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Five Things Thyroid Patients Should Never Say to the Doctor

The fact is, doctors are busy, appointments are short, and your physician may or may not put a lot of stock in your medical assessments and personal research. Don’t worry; with a few tweaks to your appointment approach, you’ll soon have conversations that get you closer to your best thyroid health.

1.   Problem approach: “Read This!” Your doctor probably has one eye on the clock and a lot of people to see. This is not the time for perusing articles and journal pages.

·      Better approach: Sending a few key pieces of information to your doctor’s office a week ahead of your visit. Remind him/her who you are and when you’ll be in. If your doctor resists your efforts, consider a new physician.

2.   Problem approach: “I’m Tired / I Just Don’t Feel Well.” Emotional descriptors are too easily dismissed as psychological indicators. Your doctor needs to have a clear picture of your symptoms, one by one, to help you appropriately.

·      Better approach: Rationally relate your symptoms. Connect with your doctor scientifically. Provide clear examples of your issues.

3.   Problem Approach: “I’m Sure I Have _____” This amounts to self-diagnosis. Doctors are prone to regard this approach with some skepticism, whether you have a point or not!

·      Better Approach: Defer to your doctor’s expertise while still presenting your theory. Share your current symptoms; ask if your physician is familiar with the suspected condition and whether he/she might look into it.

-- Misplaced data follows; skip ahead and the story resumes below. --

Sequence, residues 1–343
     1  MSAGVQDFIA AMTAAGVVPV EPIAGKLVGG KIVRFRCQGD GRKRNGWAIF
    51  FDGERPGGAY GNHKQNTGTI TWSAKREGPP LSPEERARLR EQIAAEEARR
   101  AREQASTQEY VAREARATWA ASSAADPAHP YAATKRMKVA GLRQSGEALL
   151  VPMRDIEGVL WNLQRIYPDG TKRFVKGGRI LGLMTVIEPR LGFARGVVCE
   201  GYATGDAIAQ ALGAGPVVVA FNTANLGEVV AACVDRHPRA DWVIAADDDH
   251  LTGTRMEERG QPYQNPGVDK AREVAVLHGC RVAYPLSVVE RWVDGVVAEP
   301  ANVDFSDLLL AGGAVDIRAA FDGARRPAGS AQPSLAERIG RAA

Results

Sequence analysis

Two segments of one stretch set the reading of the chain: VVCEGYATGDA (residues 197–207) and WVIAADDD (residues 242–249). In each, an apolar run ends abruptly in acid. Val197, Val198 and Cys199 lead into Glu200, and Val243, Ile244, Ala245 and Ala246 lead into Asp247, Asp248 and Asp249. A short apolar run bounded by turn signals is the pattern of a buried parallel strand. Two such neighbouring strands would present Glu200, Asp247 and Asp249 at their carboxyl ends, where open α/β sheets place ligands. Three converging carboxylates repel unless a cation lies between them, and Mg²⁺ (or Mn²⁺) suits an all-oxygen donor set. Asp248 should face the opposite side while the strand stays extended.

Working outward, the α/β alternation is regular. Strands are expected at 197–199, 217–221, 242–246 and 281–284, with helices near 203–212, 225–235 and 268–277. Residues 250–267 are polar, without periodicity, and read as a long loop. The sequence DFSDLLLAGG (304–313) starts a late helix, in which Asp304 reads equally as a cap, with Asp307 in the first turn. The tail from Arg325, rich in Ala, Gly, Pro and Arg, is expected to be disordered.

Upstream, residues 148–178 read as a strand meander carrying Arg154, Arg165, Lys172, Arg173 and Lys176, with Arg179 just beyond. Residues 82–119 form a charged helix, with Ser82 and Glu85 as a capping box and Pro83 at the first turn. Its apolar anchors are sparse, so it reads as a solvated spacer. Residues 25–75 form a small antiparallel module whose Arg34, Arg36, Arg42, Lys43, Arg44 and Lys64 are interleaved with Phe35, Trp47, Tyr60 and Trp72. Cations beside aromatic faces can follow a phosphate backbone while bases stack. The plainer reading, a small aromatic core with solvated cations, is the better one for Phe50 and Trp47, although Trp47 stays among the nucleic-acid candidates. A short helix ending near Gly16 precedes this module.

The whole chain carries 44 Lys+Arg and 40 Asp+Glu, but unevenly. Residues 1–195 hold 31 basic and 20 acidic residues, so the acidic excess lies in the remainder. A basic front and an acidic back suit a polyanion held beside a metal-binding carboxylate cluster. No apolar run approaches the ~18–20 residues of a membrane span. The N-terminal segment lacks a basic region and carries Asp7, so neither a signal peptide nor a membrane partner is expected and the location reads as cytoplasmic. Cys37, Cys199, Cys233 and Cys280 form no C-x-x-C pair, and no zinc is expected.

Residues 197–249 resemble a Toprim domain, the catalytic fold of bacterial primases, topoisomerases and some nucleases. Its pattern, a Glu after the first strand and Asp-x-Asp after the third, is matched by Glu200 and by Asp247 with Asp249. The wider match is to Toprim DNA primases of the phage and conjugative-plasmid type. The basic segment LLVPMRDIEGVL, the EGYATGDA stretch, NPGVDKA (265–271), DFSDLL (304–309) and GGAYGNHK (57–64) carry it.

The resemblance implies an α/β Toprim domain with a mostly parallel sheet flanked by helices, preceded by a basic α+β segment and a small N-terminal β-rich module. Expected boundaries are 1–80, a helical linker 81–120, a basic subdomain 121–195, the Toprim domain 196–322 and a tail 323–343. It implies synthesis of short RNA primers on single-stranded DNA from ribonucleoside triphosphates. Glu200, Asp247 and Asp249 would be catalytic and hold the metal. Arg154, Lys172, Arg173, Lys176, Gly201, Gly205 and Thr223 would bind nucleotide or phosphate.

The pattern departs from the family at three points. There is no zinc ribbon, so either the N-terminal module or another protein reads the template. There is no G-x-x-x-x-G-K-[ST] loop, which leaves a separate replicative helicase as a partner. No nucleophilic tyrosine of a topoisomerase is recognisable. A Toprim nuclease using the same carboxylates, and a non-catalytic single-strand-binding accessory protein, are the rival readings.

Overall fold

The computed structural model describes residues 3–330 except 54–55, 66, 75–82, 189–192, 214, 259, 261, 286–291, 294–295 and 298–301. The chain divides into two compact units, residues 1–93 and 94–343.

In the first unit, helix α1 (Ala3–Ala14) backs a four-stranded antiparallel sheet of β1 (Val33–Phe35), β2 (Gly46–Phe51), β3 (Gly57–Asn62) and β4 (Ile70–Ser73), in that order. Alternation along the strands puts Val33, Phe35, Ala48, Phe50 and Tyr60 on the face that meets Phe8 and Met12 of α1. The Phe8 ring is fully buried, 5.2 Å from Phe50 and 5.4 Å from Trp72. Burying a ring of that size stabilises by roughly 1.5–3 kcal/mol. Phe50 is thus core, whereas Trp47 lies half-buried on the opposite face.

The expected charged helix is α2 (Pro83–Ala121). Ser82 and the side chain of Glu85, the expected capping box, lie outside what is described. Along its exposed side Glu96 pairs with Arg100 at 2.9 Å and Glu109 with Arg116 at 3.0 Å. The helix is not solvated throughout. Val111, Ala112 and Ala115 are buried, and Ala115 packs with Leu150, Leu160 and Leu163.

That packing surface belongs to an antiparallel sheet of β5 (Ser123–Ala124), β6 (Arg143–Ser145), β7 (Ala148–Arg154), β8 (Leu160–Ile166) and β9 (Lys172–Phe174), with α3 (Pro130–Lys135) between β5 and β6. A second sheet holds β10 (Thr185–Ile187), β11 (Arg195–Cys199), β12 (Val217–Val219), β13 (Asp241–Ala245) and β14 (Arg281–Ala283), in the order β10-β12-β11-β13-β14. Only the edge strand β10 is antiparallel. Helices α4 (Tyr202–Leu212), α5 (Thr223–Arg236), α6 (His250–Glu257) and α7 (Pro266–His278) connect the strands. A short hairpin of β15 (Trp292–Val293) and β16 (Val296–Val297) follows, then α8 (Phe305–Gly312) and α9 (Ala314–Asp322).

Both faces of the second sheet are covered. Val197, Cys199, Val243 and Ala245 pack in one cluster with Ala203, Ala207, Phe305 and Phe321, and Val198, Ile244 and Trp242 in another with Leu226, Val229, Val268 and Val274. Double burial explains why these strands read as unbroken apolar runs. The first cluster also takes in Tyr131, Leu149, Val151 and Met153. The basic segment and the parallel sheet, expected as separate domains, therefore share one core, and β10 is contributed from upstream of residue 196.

4.   Problem Approach: “I Read About This on the Internet” The Internet is an object of suspicion for many physicians. They often don’t trust it…or the information you find here.

·      Better Approach: Solidly reference your information. You’ll lend credibility to your sources if you can tell your doctor where they originated.

5.   Problem Approach: “I’m Not Taking Anything…” An inventory of supplements and medications are often never divulged to most doctors. Interactions and effectiveness cannot be determined if you don’t accurately share information.

·      Better Approach: If your relationship with your doctor supports it, share a list of all your medications. If your relationship doesn’t allow you to comfortably share, attempt to find a more suitable physician.

Read the full aticle here: Five Things Thyroid Patients Should Never Say to the Doctor – What Patients Should Not Say to Thyroid Doctors, Physicians and Practitioners